After extensive lobbying of local government the Aloe Igazi Haemotology unit was officially opened at a glamorous event on 9 May 2012.
The unit, a dream of Dr Neil Littleton and the Igazi foundation has now received a body blow to their cause to serve the residents of Eastern Cape as has been revealed by the Business Day today – No nurses for hospital’s new cancer unit who say; “A new, state-of-the-art haematology unit at the Port Elizabeth Provincial Hospital is standing idle because it cannot employ nurses.” in an article written by Tamar Kahn.
The opening of the unit was hailed as allowing the Eastern Cape to enter the stem cell age with the opening of the province’s first specialist haematology treatment unit.
“Stem cell treatment is the future of medicine. Pioneering work is being done on using stem cells to treat all types of disease,” says Dr Neil Littleton, head of Department of Clinical Haematology at the Provincial Hospital.
Littleton carried out the first haematological stem cell transplant in the Eastern Cape in May 2010 and stem cells are now separated out in the Eastern Cape by the South African National Blood Service (SANBS) in Port Elizabeth.
With the opening of the province’s first comprehensive haematology treatment unit, the number of transplants was expected to increase dramatically.
As patients need to be kept in strict isolation during the transplant process in order to protect them from infection, the new unit has six isolation wards with DSTV and Internet access in order to help patients keep in touch with the outside world while isolated for a month or more.
Other facilities in the R20-million facility on the seventh floor of the M Block in the Port Elizabeth Provincial Hospital include a general male ward, a general female ward, a day ward, a chemotherapy room, and doctors’ offices.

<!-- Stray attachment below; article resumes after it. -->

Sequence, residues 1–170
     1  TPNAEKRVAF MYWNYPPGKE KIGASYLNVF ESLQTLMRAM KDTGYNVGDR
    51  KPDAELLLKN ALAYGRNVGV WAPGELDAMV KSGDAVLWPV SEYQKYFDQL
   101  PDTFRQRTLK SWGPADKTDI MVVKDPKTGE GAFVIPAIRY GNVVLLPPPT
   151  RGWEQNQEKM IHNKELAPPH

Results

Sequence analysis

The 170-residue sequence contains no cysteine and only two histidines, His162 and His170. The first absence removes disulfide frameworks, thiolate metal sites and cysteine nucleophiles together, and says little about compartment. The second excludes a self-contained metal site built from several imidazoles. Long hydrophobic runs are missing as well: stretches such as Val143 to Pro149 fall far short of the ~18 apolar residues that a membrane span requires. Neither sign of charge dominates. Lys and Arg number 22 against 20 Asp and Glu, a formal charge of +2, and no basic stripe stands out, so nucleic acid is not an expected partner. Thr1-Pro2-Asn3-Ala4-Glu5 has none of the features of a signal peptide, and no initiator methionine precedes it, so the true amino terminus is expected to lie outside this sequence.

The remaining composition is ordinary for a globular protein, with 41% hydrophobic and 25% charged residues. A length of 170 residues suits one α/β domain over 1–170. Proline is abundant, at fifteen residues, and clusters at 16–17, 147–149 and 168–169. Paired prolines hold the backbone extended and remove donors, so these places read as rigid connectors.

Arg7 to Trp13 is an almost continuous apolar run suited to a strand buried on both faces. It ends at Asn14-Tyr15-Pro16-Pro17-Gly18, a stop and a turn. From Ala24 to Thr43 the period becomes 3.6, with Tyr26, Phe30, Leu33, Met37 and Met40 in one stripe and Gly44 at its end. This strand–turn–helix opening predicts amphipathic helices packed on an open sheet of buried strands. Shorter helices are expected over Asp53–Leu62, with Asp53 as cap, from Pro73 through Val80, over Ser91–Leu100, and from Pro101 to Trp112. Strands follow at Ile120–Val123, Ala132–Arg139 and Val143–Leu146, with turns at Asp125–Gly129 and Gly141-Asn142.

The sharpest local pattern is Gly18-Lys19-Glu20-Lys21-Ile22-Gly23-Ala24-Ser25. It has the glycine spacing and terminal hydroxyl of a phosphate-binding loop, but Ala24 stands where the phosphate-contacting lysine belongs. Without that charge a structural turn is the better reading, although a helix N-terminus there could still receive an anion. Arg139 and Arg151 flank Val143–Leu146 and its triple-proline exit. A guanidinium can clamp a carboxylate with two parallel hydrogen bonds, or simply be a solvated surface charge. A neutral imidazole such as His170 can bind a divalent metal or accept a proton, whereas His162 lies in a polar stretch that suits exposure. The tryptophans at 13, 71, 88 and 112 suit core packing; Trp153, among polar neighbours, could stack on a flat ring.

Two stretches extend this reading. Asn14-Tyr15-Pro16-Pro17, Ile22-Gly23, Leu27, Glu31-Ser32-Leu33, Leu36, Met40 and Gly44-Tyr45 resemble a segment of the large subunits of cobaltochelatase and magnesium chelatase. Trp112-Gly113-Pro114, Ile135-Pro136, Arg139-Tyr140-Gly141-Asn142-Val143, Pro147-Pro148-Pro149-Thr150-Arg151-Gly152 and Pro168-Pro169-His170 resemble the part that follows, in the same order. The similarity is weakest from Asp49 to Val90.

The building of the ward was financed by the Eastern Cape Health Department to the tune of R20 Million as the result of two years of lobbying and facilitation by the Igazi Foundation, which was founded as a direct result of the fact that the Eastern Cape province suffers from one of the highest incidences of blood cancer in the country.
“Igazi considers this to be phase one. The sixth floor of the building is available, and we are sourcing funding for a haemophilia clinic, bigger outpatients, and more offices for doctors,” said Cole Cameron of the Igazi Foundation.
The Eastern Cape Health department promised the haematology unit 22 nurses, but despite having advertised and recruited staff, it had yet to appoint them, Dr Littleton said. “Bhisho will not employ them because there is a moratorium (on hiring) and because there is no money. The unit is standing empty, and I refuse to move in until they employ the right staff,” he said.
Editor’s Notes: Dr Littleton is a far greater man than I – in his shoes I would have left for private practice a long time ago. Littleton will now have to continue administering to his patients and watch them roll the dice and dodge infection on a daily basis whilst this latest round of “egg in the face” further denies life to people desperate for a ‘better life for all’.
At the 9 May event it was palpably obvious that Littleton’s staff and patients alike had a great love for him – you could feel the quickening of pulses in the marquee when it came time for him to speak.
And then the words of support from East Cape Health Department head, Dr Siva Pillay made everyone believe that; “Yes, the Eastern Cape can rise above all the poofie kaka kaka wee wee thrown at it and serves it’s people with dignity.” Less than 12 days later the dream lies dashed and broken.
Farging lying bastards.